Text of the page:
- Category: October 2011
The "Big Data" phenomenon seems to have appeared from almost nowhere, but in reality, some aspects of this emerging trend are not new.We have known about the exponential growth of data volumes for some time and according to a recent IDC Digital Universe study published in June 2011, the amount of information created and replicated will surpass 1.9 zettabytes (1.8 trillion gigabytes) in 2011, growing by almost nine times in just five years.
Other aspects of "Big Data" are, however, indeed new. The variety of the data sources is growing at a rapid rate, particularly as we move into the semi-structured and unstructured realm - e.g. social media interactions, rich media files and geospatial information. The other emerging factor that organizations need to contend with is the increased velocity at which data is being generated, such as real-time sensor data feeds from smart meters.
"These new aspects of 'Big Data' are creating unprecedented levels of complexity for IT executives, particularly as they realize that these massive data sets cannot be processed, managed and analyzed using traditional databases and architectures," says Philip Carter, Associate Vice President at IDC Asia Pacific. "What is becoming clearer is that the real value from 'Big Data' will be derived from the high-end analytics, predominantly using data mining, statistics, optimization and forecasting type of capabilities to proactively turn this data into intelligence to drive business benefits and better decision making capabilities."
In line with this trend, as businesses in Asia invest to drive growth in emerging markets, they are harnessing analytics-led solutions to gain better customer insights, and manage risk and financial metrics more effectively while striving for unique market differentiation. IDC’s surveys found that business analytics ranked as the top rated technology that would allow organizations to gain significant competitive advantage in the year ahead.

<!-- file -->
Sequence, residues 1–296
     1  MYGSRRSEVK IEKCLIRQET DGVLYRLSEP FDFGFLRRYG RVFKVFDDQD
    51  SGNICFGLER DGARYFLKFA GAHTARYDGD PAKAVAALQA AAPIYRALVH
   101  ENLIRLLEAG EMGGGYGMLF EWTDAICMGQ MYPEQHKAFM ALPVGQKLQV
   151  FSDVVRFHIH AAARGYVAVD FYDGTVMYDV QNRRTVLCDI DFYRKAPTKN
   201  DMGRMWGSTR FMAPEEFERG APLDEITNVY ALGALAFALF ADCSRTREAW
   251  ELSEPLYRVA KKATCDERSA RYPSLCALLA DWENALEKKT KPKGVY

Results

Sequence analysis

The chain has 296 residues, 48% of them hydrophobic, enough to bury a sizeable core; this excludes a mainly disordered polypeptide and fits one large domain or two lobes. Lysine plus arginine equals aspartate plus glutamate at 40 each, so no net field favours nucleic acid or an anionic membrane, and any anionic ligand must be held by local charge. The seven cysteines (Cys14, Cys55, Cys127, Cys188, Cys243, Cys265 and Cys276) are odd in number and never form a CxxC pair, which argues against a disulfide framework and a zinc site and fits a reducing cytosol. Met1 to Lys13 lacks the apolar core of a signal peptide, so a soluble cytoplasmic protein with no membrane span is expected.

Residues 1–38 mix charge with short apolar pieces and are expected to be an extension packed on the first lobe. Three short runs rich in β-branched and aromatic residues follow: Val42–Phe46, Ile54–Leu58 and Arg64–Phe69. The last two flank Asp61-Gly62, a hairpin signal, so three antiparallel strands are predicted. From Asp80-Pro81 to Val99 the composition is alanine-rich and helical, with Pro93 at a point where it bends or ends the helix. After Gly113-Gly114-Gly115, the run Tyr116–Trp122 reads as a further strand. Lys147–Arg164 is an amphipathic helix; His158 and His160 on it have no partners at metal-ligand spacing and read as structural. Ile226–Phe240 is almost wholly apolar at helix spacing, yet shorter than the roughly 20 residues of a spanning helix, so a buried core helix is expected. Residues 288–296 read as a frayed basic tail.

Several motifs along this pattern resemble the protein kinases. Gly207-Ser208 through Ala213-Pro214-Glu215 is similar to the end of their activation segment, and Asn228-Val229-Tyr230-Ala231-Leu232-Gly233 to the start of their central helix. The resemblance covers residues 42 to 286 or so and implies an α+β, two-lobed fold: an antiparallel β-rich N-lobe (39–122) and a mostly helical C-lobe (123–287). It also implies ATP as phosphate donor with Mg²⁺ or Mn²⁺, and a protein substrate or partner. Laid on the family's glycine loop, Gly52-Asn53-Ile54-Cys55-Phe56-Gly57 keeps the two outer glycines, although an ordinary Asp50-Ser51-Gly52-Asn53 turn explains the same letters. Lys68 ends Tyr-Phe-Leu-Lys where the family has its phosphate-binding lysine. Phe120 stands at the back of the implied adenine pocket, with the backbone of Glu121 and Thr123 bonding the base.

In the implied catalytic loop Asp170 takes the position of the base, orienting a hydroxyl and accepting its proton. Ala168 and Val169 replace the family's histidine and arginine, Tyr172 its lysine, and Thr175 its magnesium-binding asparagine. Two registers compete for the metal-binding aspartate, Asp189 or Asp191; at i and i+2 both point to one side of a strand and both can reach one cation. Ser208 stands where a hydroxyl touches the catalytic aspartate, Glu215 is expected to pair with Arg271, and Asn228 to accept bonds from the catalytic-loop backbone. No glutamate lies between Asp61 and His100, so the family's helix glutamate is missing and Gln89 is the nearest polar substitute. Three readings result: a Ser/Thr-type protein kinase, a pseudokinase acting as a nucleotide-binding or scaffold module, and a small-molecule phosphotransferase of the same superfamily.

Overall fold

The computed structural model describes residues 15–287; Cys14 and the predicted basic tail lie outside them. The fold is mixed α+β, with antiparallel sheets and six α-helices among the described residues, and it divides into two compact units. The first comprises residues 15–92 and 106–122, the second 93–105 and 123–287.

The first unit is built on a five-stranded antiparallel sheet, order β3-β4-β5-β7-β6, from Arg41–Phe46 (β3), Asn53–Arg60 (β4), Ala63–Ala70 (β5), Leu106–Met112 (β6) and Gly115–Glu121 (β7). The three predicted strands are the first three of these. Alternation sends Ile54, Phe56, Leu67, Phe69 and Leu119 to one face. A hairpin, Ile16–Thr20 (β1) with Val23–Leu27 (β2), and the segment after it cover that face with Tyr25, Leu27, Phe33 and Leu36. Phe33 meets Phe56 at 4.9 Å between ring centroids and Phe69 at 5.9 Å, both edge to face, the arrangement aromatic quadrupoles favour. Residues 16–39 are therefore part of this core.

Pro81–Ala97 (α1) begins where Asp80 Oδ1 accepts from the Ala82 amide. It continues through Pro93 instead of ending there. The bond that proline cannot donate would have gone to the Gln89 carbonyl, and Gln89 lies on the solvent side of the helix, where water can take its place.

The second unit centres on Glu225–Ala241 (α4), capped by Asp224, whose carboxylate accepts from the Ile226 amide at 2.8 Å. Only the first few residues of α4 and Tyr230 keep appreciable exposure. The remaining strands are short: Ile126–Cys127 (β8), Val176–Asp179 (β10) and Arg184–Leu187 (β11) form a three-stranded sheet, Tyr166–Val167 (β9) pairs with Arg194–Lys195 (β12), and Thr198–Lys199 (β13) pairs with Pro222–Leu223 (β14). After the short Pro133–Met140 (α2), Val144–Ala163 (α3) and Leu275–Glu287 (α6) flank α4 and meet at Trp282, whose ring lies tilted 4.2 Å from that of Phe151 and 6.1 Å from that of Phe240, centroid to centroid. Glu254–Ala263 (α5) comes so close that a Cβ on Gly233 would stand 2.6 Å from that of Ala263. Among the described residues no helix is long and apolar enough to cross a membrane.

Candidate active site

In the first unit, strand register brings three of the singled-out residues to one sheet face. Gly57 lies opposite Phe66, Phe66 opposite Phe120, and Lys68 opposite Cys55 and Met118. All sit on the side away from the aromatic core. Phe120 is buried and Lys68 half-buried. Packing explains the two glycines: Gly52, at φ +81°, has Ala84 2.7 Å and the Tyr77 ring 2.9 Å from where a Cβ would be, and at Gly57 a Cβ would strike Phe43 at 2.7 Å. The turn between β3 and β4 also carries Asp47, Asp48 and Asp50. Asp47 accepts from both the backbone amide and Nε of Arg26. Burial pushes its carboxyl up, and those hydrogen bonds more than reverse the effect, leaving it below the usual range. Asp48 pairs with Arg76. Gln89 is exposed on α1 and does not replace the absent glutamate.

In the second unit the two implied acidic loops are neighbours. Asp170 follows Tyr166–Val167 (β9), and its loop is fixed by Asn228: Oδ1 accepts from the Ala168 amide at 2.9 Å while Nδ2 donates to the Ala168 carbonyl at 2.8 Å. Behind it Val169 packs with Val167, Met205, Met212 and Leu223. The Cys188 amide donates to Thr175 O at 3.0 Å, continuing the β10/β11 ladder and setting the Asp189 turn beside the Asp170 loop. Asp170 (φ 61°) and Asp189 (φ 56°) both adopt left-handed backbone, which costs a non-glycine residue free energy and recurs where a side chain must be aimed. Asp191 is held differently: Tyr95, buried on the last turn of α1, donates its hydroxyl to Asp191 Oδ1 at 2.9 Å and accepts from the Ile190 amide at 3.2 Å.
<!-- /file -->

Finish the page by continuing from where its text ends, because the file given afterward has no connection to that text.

The approach to business analytics in the era of "Big Data", however, will be significantly different to the traditional approach. “For example, one of the key differences between traditional analytics and what we are dealing with in terms of the 'Big Data' era is that we are gathering data that we may or may not need. From an analysis perspective, this means ‘we don’t know what we don’t know’. To run an analysis on 'Big Data', the variables and models are likely to be entirely new. Therefore, a different infrastructure strategy and perhaps most importantly, new skill sets, are required,” adds Philip.
To cope with the challenges that "Big Data" poses, organizations must begin looking at deploying not only the applications traditionally used for Business Analytics (BA), but also the supporting architecture in order to scale efficiently. IDC recommends looking at cloud bursting, the deployment of analytical appliances and creating truly scalable enterprise architectures that leverage the attributes of high performance computing. This approach should also allow for the deployment of new technologies and frameworks to assist with the analysis of large pools of disparate, unstructured data that also requires, of course, new technical skill sets. The next generation business analyst will be more akin to "data scientists". These individuals will have strong statistical skills and will be able to extract information from large datasets and present value to non-analytical experts. They will also have the unique skill of understanding the new algorithms and analytical models that will have the most significant business impact in the short term.
Figure: The IDC Big Data Analytics Maturity Model
In conjunction with the skills dimension, IDC believes that organizations need to be looking at their "Big Data" analytics strategy across the following dimensions:
- Technology identification/deployment
- Business case creation and ROI justification
- Data governance frameworks with clear policies and guidelines around master data management, data quality and data models
- Ensure IT/Business alignment by involving the critical stakeholders at the right time
- Involve the CIO as the supporter of the necessary transformation from an IT perspective that will in turn create the necessary business impact (Source: IDC)